Although desperately in need of arms the government was not using any of the Hall carbines, condemned as unfit and dangerous for military use. Simon Stevens offered the carbines for sale in a telegram to General J. C. Frémont, saying “I have 5,000 carbines for sale,” which was untrue, no purchase having been made and the carbines being still government property stored in a business arsenal. Frémont, needing arms badly and “in business as gentle as a girl and confiding as a woman” accepted Stevens’ offer, the price being $22. The day after the receipt of Frémont’s telegraphic acceptance Arthur Eastman bought the 5,000 carbines at 3.50 apiece from the War department, payment of $17,486 being made by J. Pierpont Morgan. When the “sale” was made to General Frémont “the arms were still the property of the government,” reported the investigating committee, “the proposal being to sell the government its own arms… The government not only sold, in one day, for $17,486 arms which it had agreed the day before to repurchase for $109,912, but virtually furnished the money to pay itself the $17,486 which it received.” Moreover, the arms were more dangerous to the Union troops than to the Confederates.

The conspirators shipped 2,500 carbines. Apparently apprehensive, they did not ship the other carbines until payment of $55,550 for the first batch had been received by J. Pierpont Morgan – that is, forty days after the “sale,” although General Frémont had urged “hurry.” Their apprehensions were justified Payment for the second batch of carbines was refused and Morgan’s bill for $58,175 turned over to the Secretary of War who referred it to the committee investigating government contracts. After severely castigating the participants in the transaction, the committee allowed $9,678 on Morgan’s [61] claim, plus brokerage of $1,330. The claim for payment, Morgan insisted, was justified because his House had “made advances in good faith to Mr. Stevens on the security of his agreement with General Frémont.” This claim of “good faith” was dismissed by the committee since Morgan “declined to disclose the terms” upon which the advances were made to Stevens. 58-61.



From chapter VII: Speculating in Gold 

He [Morgan] speculated considerably during the Civil War. Speculation was general and feverish, although condemned by press and pulpit in terms of morality and disloyalty to the Union. But war breeds speculation, thriving on the nation’s needs, the upset in economic equilibrium and the changing level of prices. [65] Almost everything assumes a speculative character, including life itself. “This riotous speculation in army contracts, oil wells, stocks and gold,” according to a contemporary observer, “naturally fostered reckless extravagance, on the principle of ‘easy come, easy go,’ accompanied by display of diamonds, equipages, stately mansions, purple and fine linen.”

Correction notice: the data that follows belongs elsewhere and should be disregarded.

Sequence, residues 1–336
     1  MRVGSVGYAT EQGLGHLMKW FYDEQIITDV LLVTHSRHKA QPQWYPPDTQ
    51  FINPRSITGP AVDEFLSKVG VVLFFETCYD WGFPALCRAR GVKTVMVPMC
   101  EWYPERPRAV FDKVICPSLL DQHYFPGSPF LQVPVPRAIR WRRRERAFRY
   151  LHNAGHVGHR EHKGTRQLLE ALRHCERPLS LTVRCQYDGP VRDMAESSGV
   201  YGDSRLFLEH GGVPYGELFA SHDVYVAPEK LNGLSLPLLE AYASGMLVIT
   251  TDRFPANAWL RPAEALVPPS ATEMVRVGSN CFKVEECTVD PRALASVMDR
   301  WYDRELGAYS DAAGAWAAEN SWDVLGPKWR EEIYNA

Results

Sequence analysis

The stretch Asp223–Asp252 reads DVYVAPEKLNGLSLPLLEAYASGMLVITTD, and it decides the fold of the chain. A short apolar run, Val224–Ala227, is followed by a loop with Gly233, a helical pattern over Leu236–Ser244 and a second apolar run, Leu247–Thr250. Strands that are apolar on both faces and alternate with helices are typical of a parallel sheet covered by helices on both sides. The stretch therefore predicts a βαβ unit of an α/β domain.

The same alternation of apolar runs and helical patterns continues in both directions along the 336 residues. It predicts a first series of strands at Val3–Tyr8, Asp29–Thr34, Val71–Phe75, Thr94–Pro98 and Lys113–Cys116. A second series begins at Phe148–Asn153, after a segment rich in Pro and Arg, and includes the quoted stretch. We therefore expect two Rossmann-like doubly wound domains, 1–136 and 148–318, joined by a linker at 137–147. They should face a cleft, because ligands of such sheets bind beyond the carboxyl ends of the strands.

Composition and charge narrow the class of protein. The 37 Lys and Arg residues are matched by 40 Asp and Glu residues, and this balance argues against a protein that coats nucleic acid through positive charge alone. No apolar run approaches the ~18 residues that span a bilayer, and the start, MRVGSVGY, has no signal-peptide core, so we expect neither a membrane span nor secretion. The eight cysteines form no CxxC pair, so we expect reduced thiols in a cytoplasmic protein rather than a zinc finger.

Gold was the speculative favourite, owing to the large range in its price movements. Objectively a rise in the price of gold was unavoidable, paper money forcing up the price, aggravated by the increased demand for gold for purposes of foreign trade and for the payment of customs duties and the interest on government bonds (which was payable in gold). But the price of gold was also manipulated and consciously forced up. Speculative dealings exceeded legitimate business purchases, the mercantile community and foreign bankers buying beyond their actual needs, while the public speculated as much in gold as in securities. Unscrupulous speculators bribed employees in the Department of War and in the Executive Mansion itself to secure advance information on military events, and often originated or magnified rumours for speculative purposes. The price of gold was intimately affected by military events, since continuation of the war meant more issues of paper money and more need of gold, with consequent higher prices. Confederate victory, therefore, meant an upward movement in the price of gold, Union victory movement downward, The struggle between bulls and bears in gold was identified with the agonizing military struggle. Clearly the upward movement in the price of gold, originally determined by objective economic conditions, was forced still higher by the unscrupulous manipulations of men intent on making money regardless of consequences to the Union–men whom Jay Cooke called “evil geniuses.” Gold speculation was discouraged by the New York Stock Exchange, where it was considered the “patriotic and gentlemanly thing” to sell gold. The confirmed speculators thereupon met in the Coal Hole, a “dark, repulsive basement.” 64-5.